> -----Original Message-----
> From: users-bounces_at_[hidden] [mailto:users-bounces_at_[hidden]] On
> Behalf Of Bill Rankin
> Sent: 24 November 2010 15:54
> To: Open MPI Users
> Subject: Re: [OMPI users] MPI_Comm_split
> In this case, creating all those communicators really doesn't buy you
> anything since you aren't using any collective operations across all
> the subgroups you would be creating.
> For this sort of course-grained parallelism, your best bet is probably
> a master/slave (producer/consumer, worker-pool) model. Have one
> process (master) generate valid sets for your first X (of Y total)
> parameters. The master then sends a unique set of these parameters to
> each slave process. Each slave generates all possible sets of the
> remaining parameters, evaluates the function for those parameter sets,
> stores the local max/min and returns this value to the master. Upon
> receiving the max/min from the slave, the master compares this to the
> global max/min and sends the slave a new set of the first X parameters.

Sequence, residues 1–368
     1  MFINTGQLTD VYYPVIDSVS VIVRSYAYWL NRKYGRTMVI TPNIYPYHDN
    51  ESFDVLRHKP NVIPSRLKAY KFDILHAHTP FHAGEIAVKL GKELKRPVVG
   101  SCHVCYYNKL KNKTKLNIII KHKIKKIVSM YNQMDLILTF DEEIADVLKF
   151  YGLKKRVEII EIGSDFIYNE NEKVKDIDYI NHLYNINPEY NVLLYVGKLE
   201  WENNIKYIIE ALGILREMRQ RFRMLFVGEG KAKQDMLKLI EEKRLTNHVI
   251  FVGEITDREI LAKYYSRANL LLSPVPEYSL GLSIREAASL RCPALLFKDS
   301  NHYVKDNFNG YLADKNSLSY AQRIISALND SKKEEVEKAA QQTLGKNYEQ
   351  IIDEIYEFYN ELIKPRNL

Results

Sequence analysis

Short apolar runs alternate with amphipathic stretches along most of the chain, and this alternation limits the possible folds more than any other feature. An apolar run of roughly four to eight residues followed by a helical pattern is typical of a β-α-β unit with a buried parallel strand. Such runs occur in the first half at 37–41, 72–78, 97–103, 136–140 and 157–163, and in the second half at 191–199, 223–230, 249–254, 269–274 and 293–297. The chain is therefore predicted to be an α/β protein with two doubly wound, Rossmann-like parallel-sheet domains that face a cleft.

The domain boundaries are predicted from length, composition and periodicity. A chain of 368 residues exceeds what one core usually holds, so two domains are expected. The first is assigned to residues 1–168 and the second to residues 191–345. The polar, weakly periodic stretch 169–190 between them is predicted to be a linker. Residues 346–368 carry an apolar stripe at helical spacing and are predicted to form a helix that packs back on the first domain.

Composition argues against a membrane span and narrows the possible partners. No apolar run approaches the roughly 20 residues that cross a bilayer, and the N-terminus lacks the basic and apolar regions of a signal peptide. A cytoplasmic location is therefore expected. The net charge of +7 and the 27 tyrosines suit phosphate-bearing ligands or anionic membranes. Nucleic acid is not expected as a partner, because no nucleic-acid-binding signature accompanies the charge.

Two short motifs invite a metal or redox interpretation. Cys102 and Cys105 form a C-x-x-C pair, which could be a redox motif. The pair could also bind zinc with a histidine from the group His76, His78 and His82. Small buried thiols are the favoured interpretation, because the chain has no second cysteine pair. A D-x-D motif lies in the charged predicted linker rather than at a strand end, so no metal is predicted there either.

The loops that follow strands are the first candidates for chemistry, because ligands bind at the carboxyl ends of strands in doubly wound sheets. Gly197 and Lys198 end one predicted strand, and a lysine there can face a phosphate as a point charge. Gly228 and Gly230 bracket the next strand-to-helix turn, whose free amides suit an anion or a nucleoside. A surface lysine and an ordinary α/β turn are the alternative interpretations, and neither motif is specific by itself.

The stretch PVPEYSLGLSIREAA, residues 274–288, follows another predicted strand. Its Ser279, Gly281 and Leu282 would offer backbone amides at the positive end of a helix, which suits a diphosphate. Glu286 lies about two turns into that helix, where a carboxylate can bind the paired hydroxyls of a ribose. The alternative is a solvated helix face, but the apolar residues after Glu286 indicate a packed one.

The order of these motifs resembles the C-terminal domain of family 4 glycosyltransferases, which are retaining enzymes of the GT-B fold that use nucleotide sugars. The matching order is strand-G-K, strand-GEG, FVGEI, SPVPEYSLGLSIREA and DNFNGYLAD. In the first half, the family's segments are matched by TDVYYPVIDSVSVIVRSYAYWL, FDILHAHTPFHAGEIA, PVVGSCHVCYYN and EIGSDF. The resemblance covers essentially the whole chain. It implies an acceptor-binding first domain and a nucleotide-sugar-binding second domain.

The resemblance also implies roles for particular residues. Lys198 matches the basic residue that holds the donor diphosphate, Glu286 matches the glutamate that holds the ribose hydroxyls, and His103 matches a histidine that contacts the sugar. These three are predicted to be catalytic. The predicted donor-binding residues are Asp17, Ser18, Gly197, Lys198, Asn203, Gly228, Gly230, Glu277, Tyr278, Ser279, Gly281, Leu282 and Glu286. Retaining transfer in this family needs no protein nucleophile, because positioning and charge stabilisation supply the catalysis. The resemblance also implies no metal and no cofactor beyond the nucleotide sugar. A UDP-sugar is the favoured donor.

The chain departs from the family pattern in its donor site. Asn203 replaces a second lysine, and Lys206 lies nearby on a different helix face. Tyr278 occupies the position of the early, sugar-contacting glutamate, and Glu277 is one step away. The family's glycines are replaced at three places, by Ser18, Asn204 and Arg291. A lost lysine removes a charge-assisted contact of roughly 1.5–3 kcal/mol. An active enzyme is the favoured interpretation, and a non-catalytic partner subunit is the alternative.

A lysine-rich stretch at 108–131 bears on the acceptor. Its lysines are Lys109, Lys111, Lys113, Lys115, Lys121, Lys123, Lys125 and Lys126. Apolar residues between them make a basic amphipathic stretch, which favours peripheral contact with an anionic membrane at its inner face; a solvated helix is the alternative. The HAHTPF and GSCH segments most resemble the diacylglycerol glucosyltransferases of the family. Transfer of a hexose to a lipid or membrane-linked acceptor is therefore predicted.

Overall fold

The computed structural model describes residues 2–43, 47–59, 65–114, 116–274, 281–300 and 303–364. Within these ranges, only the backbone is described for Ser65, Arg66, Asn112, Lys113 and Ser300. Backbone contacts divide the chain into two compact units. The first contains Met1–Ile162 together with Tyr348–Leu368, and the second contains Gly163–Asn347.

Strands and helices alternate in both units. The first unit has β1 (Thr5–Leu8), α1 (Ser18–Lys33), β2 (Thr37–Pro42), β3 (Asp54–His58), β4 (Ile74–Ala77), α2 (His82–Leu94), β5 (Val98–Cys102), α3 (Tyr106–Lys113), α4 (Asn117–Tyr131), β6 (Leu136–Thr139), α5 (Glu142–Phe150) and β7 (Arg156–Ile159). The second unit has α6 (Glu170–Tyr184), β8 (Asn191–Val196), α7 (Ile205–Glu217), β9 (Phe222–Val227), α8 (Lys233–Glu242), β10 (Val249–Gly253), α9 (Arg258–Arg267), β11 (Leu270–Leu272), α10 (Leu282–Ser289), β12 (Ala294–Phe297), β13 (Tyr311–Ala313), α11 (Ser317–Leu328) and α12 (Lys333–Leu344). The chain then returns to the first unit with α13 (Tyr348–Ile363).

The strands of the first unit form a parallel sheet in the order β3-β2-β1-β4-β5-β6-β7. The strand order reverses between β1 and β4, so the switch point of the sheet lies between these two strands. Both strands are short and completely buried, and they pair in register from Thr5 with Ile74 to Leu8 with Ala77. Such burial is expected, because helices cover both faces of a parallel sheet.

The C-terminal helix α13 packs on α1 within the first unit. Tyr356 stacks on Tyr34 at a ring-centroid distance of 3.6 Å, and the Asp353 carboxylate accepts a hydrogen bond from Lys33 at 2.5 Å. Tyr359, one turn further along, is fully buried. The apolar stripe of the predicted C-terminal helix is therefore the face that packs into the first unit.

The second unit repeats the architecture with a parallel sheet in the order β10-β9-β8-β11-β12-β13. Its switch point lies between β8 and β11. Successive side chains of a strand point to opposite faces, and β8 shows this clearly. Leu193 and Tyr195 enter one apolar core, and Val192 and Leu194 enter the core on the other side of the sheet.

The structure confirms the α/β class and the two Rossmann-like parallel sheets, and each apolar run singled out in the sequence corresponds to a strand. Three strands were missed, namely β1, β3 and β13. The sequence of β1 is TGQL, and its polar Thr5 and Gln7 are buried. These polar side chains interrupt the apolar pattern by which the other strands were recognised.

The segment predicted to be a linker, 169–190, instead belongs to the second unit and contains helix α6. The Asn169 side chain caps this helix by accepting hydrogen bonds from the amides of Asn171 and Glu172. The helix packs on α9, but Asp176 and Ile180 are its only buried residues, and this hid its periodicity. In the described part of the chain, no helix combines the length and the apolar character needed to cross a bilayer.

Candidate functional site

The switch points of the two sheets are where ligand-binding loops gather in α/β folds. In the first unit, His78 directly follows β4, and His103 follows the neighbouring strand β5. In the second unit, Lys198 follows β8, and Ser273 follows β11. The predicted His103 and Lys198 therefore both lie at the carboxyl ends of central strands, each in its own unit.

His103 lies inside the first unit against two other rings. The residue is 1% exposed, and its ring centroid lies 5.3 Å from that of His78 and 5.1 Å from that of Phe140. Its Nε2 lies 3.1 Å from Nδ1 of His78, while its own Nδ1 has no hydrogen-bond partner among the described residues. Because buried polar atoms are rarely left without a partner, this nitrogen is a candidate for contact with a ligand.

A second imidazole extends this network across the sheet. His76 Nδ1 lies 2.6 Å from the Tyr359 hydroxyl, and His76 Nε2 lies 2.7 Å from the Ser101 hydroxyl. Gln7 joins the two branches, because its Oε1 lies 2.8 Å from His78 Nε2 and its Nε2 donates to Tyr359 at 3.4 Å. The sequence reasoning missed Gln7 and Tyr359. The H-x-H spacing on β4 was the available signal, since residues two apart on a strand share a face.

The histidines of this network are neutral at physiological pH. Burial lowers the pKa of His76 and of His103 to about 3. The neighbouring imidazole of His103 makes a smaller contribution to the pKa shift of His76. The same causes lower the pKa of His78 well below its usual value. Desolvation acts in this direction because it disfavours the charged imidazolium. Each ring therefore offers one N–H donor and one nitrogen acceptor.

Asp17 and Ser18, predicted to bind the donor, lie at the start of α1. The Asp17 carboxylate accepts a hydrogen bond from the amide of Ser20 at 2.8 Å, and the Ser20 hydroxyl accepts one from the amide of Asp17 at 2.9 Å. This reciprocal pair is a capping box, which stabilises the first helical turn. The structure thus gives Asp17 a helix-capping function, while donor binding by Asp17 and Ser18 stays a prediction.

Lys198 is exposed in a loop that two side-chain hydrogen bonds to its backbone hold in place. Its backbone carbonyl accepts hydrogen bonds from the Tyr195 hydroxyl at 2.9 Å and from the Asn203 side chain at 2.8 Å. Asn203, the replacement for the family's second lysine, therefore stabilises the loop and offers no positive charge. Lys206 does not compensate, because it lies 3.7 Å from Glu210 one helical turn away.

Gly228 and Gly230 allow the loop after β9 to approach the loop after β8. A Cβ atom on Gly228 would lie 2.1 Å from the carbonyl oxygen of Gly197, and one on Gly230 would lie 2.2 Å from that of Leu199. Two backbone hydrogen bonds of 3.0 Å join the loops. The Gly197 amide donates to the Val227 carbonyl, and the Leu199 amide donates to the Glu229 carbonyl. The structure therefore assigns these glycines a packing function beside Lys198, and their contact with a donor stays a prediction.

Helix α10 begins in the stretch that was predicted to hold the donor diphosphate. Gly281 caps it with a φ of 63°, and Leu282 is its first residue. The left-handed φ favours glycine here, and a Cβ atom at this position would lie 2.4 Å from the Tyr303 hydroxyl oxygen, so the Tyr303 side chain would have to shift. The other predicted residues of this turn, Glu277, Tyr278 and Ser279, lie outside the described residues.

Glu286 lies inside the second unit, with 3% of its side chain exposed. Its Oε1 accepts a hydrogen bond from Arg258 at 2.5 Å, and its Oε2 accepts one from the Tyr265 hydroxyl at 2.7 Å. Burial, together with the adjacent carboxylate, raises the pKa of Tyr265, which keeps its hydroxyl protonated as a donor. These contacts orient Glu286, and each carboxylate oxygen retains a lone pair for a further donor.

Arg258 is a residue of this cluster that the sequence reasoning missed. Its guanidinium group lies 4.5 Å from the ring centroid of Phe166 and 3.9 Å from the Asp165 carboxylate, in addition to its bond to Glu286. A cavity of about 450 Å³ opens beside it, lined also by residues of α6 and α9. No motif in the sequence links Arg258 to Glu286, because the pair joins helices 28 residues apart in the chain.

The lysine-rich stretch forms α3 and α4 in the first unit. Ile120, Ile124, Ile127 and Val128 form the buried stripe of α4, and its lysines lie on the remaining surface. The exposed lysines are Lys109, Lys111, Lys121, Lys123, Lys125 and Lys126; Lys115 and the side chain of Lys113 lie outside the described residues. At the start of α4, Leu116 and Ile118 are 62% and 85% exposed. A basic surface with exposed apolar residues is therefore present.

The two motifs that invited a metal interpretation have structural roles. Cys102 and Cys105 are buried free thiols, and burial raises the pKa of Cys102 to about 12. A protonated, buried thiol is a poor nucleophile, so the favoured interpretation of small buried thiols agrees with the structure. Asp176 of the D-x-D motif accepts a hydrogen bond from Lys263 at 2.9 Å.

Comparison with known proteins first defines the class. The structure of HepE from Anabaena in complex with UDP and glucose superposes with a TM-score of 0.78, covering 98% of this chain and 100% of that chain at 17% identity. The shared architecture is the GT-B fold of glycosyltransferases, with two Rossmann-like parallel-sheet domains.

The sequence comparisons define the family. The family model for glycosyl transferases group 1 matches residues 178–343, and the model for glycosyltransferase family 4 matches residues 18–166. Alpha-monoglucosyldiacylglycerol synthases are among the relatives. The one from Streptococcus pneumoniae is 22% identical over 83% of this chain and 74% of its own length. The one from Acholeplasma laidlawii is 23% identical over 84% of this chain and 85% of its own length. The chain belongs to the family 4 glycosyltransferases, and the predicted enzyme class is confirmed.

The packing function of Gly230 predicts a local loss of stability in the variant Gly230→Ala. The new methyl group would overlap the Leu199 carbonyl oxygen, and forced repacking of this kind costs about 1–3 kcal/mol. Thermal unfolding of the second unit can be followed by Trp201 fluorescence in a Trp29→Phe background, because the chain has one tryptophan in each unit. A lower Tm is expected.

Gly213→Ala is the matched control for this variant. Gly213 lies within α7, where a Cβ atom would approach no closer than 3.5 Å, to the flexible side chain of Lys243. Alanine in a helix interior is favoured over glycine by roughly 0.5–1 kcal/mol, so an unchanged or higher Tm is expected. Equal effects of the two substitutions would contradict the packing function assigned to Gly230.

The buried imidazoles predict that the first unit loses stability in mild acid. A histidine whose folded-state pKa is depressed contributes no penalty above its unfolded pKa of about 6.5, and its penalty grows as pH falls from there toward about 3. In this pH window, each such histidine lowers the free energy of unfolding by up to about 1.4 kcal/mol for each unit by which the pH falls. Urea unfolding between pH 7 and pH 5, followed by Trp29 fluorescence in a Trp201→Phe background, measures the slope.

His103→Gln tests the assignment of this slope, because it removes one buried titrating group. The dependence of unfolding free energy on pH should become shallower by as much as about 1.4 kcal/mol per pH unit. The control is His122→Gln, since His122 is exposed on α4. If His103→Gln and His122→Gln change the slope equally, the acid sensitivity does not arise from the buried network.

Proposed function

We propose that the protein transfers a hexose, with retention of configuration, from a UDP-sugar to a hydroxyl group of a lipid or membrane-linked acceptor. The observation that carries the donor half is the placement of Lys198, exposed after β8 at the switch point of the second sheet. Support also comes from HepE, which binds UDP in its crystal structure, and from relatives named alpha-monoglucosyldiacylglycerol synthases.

> Repeat until the master has sent all possible sets of X parameters and
> all slaves have processed all their work.
> Looking at it as a tree, the master process traverses the top of the
> tree, handing each slave a branch and letting the slave traverse the
> remainder of the tree. For load balancing, you want a lot more
> branches than you want slaves so that each slave is always kept busy.
> But you also want enough work for each slave to where they are not
> constantly communicating with the master asking for the next set of
> parameters. This is done by adjusting the depth to which the master
> process traverses the parameter tree.
> Hope this helps. Good luck.
It does very much, thanks a lot.
The tree is not symmetrical in that the valid values for the 10th parameter
depends on the values selected in the 0th to 9th parameter (all the ancestry
in the tree), for e.g., we may have a lot of nodes in the left of the tree
than in the right, see attachment ( I hope they're allowed )
The depth of the tree of course is the same everywhere, but not all nodes at
some level have the same number of children.
Is it better to just list vertically all the possible branches (n-tuples) at
the master level and split that list uniformly over the slaves?